If someone feels invested in your success, you've got a fan for life. A quality band bio connects with people. It gives them a glimpse inside your personality and insight into your process as a musician. Your music speaks volumes as to who you are as a band, but an effective bio can give booking agents and fans an idea of who you are as a person, what you stand for as an artist and what you hope to accomplish with your music.
When writing a band bio it's best to go with the “less is more” approach. In this age of rapid texts and 140 character tweets, people want to receive their information through quick and effective wording.
What to Include in Your Band Bio
Where you've been – Be sure to mention your previous successes, any previous albums or collaborations, as well as any pivotal performances. If you are a brand new artist, talk about the well-known musicians that inspired you to pick up your guitar for the first time.
Where you're going – Do you have an album in the works? Are you getting ready for a tour? It's important to involve readers in your future plans so they feel compelled to follow your career for years to come.
Descriptions – Tell readers what vibe you are going for in terms that they will understand. For instance, “Johnny X uses his painful past to bring a refreshing honesty to hip-hop.” In this short sentence, readers become connected with Johnny X, because they now know that he had a painful past, and they gain an understanding that his music is based on personal experience.
What Not to Include in Your Band Bio
Family anecdotes – Don't tell a story of how your uncle gave you bass lessons when you were in fifth grade… unless your uncle is Flea. It's tempting to include personal stories like these in your band bio because they may have sentimental value to you as a musician, but if you do you risk sounding a bit like a novice. These stories are better suited for candid interviews and liner notes.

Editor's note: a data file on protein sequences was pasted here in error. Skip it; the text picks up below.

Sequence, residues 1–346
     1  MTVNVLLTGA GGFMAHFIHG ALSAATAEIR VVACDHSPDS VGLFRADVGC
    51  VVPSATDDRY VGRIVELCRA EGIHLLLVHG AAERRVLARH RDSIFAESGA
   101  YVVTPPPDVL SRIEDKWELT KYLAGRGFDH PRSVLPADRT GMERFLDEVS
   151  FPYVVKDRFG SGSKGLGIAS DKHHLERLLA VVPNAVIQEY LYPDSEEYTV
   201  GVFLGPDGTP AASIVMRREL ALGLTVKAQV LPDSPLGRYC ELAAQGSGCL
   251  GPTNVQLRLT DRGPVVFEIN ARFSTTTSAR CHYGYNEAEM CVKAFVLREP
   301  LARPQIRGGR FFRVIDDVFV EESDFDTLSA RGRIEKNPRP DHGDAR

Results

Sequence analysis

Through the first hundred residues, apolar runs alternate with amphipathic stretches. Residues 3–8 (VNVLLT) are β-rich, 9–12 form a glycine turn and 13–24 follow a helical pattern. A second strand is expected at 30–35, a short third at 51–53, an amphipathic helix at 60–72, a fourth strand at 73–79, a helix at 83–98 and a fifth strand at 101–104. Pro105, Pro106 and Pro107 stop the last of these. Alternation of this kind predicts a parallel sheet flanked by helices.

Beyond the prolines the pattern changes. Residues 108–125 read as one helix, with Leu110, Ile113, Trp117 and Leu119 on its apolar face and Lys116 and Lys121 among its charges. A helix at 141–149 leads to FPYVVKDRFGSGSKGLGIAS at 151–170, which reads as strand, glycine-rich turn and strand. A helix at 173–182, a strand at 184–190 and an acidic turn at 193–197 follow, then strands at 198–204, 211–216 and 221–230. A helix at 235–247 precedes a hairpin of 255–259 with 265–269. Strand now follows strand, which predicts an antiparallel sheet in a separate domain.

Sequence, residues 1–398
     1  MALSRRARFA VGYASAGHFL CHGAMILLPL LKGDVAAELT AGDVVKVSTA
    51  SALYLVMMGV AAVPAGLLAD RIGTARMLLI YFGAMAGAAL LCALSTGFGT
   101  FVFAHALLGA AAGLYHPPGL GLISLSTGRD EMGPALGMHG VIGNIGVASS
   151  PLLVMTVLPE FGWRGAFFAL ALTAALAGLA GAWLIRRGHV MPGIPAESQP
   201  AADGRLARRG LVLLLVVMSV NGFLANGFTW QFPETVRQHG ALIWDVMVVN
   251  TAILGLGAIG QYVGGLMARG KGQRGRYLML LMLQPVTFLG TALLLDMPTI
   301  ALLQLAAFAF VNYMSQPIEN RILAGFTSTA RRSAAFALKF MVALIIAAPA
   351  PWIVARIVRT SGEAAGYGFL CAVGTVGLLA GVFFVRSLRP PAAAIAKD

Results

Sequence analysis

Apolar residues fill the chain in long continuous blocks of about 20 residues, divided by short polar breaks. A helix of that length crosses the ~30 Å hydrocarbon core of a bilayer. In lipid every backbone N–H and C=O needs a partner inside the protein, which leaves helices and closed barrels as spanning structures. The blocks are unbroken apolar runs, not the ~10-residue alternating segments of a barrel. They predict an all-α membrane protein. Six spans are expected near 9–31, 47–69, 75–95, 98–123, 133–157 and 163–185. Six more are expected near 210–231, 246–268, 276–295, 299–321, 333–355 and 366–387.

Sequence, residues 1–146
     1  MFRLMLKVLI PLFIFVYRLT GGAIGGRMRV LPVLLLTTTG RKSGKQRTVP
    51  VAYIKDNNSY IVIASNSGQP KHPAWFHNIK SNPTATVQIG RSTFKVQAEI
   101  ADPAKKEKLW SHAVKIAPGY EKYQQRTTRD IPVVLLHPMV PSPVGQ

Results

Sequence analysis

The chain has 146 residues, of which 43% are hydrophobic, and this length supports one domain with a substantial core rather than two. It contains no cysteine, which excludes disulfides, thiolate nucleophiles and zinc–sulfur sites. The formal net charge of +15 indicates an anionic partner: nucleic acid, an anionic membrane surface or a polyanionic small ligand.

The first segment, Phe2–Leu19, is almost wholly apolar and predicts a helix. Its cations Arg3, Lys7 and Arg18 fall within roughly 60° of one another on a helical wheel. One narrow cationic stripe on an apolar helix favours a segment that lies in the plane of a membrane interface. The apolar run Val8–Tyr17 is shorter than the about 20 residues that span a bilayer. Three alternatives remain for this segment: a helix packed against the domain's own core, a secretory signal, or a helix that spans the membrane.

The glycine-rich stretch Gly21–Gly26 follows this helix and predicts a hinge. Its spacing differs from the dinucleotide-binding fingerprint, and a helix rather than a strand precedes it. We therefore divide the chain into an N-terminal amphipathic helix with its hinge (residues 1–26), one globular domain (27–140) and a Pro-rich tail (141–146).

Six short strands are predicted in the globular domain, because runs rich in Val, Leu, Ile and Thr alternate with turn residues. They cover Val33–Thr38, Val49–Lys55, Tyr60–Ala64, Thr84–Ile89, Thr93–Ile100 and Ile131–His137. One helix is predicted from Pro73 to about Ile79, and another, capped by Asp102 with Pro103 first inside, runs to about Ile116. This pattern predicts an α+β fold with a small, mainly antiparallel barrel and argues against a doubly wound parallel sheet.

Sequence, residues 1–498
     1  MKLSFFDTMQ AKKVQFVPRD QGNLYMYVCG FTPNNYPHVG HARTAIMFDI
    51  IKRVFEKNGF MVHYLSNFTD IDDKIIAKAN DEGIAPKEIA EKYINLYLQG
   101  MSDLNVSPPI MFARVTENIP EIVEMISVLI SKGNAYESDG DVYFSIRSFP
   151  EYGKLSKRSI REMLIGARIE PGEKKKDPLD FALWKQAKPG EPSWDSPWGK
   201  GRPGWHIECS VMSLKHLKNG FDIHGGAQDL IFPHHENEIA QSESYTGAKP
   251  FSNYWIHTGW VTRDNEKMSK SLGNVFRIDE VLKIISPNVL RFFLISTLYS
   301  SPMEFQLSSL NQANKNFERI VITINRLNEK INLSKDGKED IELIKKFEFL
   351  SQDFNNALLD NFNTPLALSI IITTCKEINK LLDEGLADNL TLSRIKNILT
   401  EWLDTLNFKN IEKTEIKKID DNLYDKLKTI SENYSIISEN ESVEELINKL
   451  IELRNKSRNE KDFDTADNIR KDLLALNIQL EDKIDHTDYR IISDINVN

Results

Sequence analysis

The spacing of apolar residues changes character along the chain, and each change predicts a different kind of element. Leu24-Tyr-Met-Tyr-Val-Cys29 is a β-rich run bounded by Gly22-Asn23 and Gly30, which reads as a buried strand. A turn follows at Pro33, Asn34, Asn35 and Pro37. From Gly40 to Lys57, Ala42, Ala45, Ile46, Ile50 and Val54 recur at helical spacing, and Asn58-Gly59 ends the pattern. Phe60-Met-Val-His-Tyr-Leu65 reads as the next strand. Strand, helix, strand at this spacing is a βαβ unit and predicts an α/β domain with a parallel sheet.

Obscure references – My Bloody Valentine may be your biggest influence, but you don't want to cite them in your bio. Most people have not heard of My Bloody Valentine and you risk alienating potential fans by associating your band with such a niche artist. If you want to compare your sound to another artist pick a well known group, like Radiohead or Arcade Fire. This will make you much more accessible to perspective fans.
Broad goals – Do not include lines like “Band X plans to revolutionize rock and roll all over the globe.” This sounds a bit novice and you risk being dismissed by the reader as someone with a pipe dream. It is much better to say something specific like, “Band X will be touring the Chicago-area in 2014 in support of their gritty new “Band X EP.” This makes readers anticipate the tour and the EP, further investing them in your success.
Remember when writing your band/artist bio keep it short and sweet. For example, Jay Z, an artist who has won 10 Grammys in his almost 20 year career, has a Facebook bio that is less than 200 words. If he can do it, you can too!
Guest post by: Laurie Fanelli has worked with artists of many genres, including rock, hip-hop, metal and instrumental, to create interesting and engaging band bios. She is also the founder of the website veggiefans.net and she reviews and photographs concerts for examiner.com. To contact her head over to contact-veggiefans or fiverr.com.